Quick tips for living with a roommate
Updated: Jun 17
Living with a roommate can sometimes be stressful. We provide a few tips how it can work.
By Kylie Eaton
For The Southwestern
Colleges and universities often provide students with tips on how to get along in the beginning of a school year, but many students struggle with communicating or even getting along throughout the year sometimes making it uncomfortable in their own space.
Like SWOSU, most colleges have a roommate questionnaire to help students find a roommate with whom they will be compatible with. There's also an option to put in a roommate request, if you want to room with a friend or somebody familiar. However, not all students are able to go to the same college as their friends from high school.
“I rarely hear about problems with students in Mann Hall regarding roommate issues but when we do, they are always resolved right away,” Housing Coordinator Alyssa Bane said. “We want students to be comfortable in their rooms.”
Here’s some tips from educationcorner.com to make living with a roommate less stressful than finals.
1. Respect your roommate’s stuff.
This is simple, but one of the biggest reasons why roommates have conflicts. Don’t think she’ll mind if you borrow that cropped sweater for class? You could’ve just crossed her line. NEVER borrow, use or take anything without permission first.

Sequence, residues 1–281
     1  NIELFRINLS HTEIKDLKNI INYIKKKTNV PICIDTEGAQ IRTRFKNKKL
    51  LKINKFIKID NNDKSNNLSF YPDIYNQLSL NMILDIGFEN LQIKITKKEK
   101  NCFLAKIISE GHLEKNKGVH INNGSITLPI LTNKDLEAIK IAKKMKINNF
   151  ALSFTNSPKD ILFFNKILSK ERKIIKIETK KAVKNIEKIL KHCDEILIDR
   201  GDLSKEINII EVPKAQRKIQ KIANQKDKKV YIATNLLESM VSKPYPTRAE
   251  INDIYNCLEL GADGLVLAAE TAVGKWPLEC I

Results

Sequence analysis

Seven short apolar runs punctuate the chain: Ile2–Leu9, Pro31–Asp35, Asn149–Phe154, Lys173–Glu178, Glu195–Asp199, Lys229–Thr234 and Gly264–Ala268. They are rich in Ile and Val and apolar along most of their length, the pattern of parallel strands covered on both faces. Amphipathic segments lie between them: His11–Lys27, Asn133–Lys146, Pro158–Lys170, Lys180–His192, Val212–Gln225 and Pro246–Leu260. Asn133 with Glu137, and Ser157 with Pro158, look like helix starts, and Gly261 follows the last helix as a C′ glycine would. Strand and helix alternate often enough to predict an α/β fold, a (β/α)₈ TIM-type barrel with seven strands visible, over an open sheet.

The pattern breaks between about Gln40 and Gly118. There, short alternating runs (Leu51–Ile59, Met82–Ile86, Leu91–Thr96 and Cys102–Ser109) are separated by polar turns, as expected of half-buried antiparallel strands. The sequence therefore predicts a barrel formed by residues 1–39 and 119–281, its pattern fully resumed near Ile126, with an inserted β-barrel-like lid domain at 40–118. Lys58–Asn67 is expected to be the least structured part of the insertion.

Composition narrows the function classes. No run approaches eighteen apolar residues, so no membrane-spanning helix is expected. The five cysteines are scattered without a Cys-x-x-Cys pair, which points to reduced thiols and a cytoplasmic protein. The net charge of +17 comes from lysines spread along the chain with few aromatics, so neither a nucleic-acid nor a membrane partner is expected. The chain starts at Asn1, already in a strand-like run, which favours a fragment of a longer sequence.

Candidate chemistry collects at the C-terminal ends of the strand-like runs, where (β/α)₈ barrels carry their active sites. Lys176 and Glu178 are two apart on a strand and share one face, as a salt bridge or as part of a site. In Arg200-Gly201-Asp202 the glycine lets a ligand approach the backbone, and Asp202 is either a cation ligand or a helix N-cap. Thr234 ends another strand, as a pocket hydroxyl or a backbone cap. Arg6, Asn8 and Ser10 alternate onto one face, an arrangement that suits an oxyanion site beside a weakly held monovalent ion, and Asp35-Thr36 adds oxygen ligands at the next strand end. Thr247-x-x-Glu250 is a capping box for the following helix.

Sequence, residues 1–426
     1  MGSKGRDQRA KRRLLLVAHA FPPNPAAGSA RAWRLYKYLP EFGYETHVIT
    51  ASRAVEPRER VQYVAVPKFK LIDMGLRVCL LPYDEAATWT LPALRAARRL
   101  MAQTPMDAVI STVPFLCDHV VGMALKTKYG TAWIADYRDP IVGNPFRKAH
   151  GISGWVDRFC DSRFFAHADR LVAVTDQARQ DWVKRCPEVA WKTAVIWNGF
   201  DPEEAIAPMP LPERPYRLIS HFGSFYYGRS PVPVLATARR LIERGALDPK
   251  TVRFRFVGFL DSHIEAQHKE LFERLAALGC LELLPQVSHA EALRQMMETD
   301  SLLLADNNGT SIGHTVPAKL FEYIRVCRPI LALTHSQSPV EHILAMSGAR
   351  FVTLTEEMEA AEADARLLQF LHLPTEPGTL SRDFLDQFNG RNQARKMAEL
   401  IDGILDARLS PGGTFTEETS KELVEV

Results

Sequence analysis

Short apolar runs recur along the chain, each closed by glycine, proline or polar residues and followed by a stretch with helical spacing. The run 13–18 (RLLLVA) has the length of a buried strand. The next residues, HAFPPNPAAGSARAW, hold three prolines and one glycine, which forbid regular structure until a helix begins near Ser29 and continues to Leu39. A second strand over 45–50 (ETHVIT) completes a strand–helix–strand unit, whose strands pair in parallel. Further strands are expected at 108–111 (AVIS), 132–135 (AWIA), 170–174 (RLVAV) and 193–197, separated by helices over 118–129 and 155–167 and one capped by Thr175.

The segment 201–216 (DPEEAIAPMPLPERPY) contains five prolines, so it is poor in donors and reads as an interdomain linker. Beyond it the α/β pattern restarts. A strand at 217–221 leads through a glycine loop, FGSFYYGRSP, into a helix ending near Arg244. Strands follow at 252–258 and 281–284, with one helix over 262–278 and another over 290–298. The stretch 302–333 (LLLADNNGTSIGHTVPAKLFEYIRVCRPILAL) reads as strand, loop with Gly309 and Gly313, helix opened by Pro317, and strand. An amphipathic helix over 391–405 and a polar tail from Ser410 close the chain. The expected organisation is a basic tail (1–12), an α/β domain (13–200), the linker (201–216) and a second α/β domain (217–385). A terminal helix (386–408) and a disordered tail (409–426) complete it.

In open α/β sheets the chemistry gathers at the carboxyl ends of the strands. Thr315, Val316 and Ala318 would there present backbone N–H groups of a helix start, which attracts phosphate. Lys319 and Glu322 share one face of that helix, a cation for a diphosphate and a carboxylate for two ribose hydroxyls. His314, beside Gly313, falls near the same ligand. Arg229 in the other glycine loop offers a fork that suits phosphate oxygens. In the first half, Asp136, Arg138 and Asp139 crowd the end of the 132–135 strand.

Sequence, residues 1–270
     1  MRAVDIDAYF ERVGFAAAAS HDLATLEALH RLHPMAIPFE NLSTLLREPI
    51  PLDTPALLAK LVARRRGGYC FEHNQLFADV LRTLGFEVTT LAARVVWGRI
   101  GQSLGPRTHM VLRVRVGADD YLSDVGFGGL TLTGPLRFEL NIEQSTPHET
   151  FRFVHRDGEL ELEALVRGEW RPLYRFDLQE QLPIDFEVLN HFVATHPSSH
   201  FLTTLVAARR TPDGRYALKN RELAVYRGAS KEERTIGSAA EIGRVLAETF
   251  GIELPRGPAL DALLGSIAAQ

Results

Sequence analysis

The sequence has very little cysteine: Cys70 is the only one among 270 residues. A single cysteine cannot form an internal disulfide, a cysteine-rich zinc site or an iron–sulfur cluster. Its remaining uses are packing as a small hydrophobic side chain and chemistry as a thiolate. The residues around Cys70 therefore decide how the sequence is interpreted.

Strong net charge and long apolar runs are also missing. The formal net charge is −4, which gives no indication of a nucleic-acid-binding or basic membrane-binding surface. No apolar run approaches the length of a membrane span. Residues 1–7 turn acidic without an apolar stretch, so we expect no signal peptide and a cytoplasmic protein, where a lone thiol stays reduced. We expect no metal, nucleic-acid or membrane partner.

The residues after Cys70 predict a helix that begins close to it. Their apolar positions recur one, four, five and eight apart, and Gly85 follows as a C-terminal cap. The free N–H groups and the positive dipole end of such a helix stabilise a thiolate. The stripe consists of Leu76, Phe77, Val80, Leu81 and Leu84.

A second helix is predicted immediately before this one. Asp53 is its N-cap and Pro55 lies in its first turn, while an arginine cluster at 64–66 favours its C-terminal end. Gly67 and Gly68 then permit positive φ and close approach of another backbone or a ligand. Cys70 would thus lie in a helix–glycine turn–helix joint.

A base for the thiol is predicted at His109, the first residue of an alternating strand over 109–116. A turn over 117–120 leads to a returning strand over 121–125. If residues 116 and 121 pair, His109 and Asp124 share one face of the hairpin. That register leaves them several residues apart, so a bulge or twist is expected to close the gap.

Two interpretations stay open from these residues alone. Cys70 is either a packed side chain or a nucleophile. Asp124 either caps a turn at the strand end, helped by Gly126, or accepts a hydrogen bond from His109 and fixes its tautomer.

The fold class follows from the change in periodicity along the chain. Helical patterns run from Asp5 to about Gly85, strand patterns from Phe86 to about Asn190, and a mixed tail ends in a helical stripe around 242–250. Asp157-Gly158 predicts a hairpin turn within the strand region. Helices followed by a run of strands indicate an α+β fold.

2. Be cautious of who you bring into your room or apartment and how often.
The obvious, don't let strangers or just anybody into your room. Although, who’s to say you can’t have guests over? Just be mindful of your roommate’s space and make sure it's OK with your roommate to have guests over or take turns with the room. Your roommate goes to the library while you have guests over and vice versa.
This is important for a relationship of any kind. Learn your roommate’s preferences and expectations and express yours so it’s known from the get-go. This may save you both a lot if conflict, communication is key.
4. Solve problems while they’re still small.
Address problems as soon as you notice them. Don't wait to solve a problem until the situation blows up. Address the problem calmly and make your roommate aware. They can’t fix a problem if they aren't aware there is a problem.
5. Use your resources.
If you’re living in a dorm, a good first step is to talk to your resident assistant. They will have resources and advice to give you if you are in an uncomfortable situation. RAs are trained for these situations and to be there for you.